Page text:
What Camera Should I Buy?
Updated: Mar 28
It's a question I've been asked quite often, so I wanted to make a simple reference guide, especially for anyone enrolled in my Nature Photography Couse at Irvine Nature Center. However, these recommendations apply to anyone interested in photography, so I hope you find them helpful.
In my opinion, the Nikon DSLRs are some of the best ' entry-level' cameras on the market. Depending on your price range, there are newer models like the d7500 and then all the way down to the old stuff- d40 and such. For reference, you can get a d5300 for around $600, but that's new. I'd recommend getting a used camera, which can slice the price nearly in half, and doesn't take much away, especially for beginners. If you do buy gear used, do it through a reputable middle man like B&H or Adorama, because they will offer returns for damaged products. Getting gear through a service like Facebook Marketplace poses inherent risks, although it's never off the table.
My Nikon d5300 with a kit (right) and upgrade (left) lens
I can personally vouch for the d5300, since I have used it for many years and have had no major issues. Another great choice is the d3500, which is more affordable. While it loses out to its modern competitors in terms of image quality and low light capabilities, this makes for a less distracting starter kit; these cameras also have the benefit of being capable of a wide range of shooting- they won't specialize in landscapes or portraiture, for example. If you want to narrow down your options here, try using an online price filter to find a model that matches your budget!
Frontside of my Nikon d5300
Despite never having owned one, I've heard great things about the Olympus DSLRs as well, which I tend to think of as great options for street photography, given their compact design.
For travel photography, definitely also check out compact digital cameras like the Sony HX90V, Pan Lumix TZ100, or similar models. They are extremely portable and simple to use, but don't achieve nearly the same quality or customization.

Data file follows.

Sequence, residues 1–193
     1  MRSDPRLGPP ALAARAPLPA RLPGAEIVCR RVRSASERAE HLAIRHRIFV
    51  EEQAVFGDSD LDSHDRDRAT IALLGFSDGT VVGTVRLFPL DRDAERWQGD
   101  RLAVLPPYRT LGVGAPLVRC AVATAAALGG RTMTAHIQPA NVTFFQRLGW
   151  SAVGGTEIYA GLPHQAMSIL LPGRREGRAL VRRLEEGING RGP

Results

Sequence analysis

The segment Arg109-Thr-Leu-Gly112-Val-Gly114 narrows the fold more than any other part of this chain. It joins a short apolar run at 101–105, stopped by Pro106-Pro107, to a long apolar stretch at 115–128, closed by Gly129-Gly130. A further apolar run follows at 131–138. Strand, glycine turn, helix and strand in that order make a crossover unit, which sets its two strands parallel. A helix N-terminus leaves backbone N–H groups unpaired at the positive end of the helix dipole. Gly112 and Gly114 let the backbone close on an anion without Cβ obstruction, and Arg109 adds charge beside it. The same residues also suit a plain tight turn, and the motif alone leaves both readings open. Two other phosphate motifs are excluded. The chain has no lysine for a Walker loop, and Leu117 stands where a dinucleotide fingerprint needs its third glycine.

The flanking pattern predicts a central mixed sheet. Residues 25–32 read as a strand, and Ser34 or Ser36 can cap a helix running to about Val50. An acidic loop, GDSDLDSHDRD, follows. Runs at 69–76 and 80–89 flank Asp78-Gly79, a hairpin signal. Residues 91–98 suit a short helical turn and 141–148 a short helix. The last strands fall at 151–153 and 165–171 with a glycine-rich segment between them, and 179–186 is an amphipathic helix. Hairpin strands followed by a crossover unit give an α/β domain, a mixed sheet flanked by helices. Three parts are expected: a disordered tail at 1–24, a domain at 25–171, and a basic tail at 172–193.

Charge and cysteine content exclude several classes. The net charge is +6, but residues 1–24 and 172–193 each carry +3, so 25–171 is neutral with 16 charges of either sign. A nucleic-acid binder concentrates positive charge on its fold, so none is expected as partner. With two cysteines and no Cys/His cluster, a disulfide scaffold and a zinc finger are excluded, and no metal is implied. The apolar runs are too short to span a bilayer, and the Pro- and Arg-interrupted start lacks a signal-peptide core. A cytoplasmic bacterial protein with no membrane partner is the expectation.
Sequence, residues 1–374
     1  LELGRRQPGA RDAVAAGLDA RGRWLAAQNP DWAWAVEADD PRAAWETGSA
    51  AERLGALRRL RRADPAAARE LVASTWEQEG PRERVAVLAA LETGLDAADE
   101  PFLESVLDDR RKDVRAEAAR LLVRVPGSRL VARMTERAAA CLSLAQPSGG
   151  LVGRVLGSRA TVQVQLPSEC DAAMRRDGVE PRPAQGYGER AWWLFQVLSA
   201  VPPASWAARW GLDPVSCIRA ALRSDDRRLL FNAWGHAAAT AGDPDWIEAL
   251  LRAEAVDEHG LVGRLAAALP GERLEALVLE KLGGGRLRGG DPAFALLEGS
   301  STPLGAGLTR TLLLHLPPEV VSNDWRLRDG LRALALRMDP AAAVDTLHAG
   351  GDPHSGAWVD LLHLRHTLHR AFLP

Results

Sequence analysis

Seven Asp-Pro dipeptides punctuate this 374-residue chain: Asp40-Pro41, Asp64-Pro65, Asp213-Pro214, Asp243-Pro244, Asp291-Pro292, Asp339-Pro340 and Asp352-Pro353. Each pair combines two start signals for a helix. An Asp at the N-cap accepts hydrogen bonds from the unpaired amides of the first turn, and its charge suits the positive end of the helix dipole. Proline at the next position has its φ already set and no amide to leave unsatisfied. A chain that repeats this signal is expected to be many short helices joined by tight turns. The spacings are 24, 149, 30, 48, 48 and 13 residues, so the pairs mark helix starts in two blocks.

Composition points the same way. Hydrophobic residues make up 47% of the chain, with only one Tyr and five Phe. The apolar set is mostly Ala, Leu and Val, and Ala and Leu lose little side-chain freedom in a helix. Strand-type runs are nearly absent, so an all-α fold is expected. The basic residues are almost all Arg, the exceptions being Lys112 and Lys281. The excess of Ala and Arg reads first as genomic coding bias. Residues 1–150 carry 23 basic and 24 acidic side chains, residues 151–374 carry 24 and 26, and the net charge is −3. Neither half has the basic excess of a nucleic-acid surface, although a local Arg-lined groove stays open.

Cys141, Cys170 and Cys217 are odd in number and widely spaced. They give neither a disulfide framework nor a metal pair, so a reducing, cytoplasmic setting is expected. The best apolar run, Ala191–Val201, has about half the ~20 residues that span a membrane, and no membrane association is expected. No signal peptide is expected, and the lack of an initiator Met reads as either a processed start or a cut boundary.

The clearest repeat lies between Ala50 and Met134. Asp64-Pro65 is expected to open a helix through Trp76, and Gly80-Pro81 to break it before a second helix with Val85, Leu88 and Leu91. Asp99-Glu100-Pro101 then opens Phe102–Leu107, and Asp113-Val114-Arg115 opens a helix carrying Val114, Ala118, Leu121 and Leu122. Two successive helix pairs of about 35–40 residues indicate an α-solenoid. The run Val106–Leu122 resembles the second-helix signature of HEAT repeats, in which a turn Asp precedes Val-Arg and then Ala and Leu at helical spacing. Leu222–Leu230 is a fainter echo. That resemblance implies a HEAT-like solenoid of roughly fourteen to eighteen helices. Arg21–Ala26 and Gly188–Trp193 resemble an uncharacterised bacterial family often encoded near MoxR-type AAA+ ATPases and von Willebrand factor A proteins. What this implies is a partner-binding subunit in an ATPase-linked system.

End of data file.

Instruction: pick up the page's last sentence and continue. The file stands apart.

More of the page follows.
If you want a mirrorless camera, there are some affordable options here as well. The Fujifilm X-T200 is a beginner mirrorless camera that strikes me as a great choice for portraiture especially, but it's also capable of a wide range of shooting. Another similar option is the Olympus OM-D Mark 4.
Lenses are equally as important, even though most entry level cameras come with a lens. Before splurging on a camera, a photographer should purchase a good lens. To start, get a cheaper lens with a sizable focal range, such as the Nikkor 18-55 mm (pictured above). There are similar makes across all other camera brands to go with your chosen body. Brands like Sigma and Tamron also make lenses for other camera brands, and are usually cheaper than buying a lens native to the brand of your camera body. For my Sony camera, I use one Tamron lens and one Sigma lens, and it saved me quite a bit of money without any major downsides. And don't forget that buying used is still an option, although lenses do tend to degrade faster than camera bodies.
My Sony a7rii with a wide angle (right) and multi use (left) lens
If you're looking for an upgrade, think first about what direction you'd like to take your photography in. Start with what focal range you want, if it's wide or more tele (zoomed in), and then go from there. What attributes matter most to you- Crisp focus, light bokeh, fast autofocus? And always read the reviews to get a better idea!
I've saved the best for last: the splurge options. If you're looking for a more expensive kit, definitely put in some research before making any decisions. It may also help to wait for online sales, like Best Buy, etc. Personally, I would get a mirrorless camera if you're spending the money, although some people debate in favor of expensive DSLRs. My Sony a7r is a camera that continues to impress me every shoot. Great quality, even in low light situations, and an amazing video capability. These models come with other perks as well, like excellent image stabilization and zoomed focus on the digital viewfinder.
Frontside of my Sony a7rii
I hope this has been helpful. For more information, check online forums and customer review pages.
Until next time,